A four-partner team from Holman Fenwick Willan (HFW) has spearheaded ACE’s high-profile purchase of Nat Rothschild’s stake in troubled Indonesian coal miner Asia Resource Minerals with Gibson, Dunn & Crutcher acting for the British financier and Ashurst for Indonesia’s Widjaja family.
An investment vehicle for Hong Kong-based asset manager Argyle Street Management, ACE takes Rothschild’s 17.2% stake in the London-listed company just five years after he founded it with Indonesia’s politically influential Bakrie family. Rothschild, who has vowed to never invest in Indonesia again after years of attempting to wrestle back control of the company and a costly litigation process to recover $173m allegedly misappropriated by former shareholders, nets £23m from the sale. A long-time adviser, Gibson Dunn’s City corporate partner Nigel Stacey was instructed by Rothschild on the deal.
The Singapore and London offices of HFW are advising both Argyle Street Management and its bid vehicle, ACE, on its proposed all cash offer of Asia Resource Minerals. The HFW team was led by Singapore M&A partner Brian Gordon, as well as London-based corporate finance partner James Lewis and corporate partners Nick Hutton and Jayson Marks. Ashurst advised the Widjaja family, which is also involved in ACE, on the deal.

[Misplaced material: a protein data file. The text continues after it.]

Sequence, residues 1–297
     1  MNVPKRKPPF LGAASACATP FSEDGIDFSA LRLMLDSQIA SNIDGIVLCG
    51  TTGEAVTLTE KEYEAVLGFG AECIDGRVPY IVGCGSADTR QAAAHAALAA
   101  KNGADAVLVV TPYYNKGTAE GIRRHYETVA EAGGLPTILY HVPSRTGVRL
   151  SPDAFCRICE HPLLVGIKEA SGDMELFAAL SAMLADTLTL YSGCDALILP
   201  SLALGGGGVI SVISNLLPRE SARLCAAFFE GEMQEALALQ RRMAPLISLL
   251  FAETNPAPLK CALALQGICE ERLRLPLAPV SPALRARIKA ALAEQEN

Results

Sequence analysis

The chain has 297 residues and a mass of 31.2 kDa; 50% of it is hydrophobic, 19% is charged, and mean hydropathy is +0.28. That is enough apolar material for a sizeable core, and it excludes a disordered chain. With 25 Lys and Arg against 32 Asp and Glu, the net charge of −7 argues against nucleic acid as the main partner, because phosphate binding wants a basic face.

ACE paid Rothschild 56p per share, a 52% premium on Asia Resource Minerals’ share price. The company’s board has recommended the ACE offer which values the company at more than $200m.
The scandal hit company, renamed from Bumi to Asia Resource Minerals following the bitter feud between Rothschild and the Bakrie family, was probed by the SFO in 2013 over a missing £48m linked to former director Rosan Roeslani.
Brian Gordon, HFW corporate partner, said: ‘The deal, which is yet to close, has involved considerable interaction with the UK Takeover Panel and a number of interested parties. Investor appetite for the Indonesian coal sector is currently strong, and with some Indonesian miners posting an impressive return on equity exceeding 20% it is clear to see why. Nonetheless, the requirements of bodies like the UK Takeover Panel must be adhered to in order to capitalise on this commercial benefit.’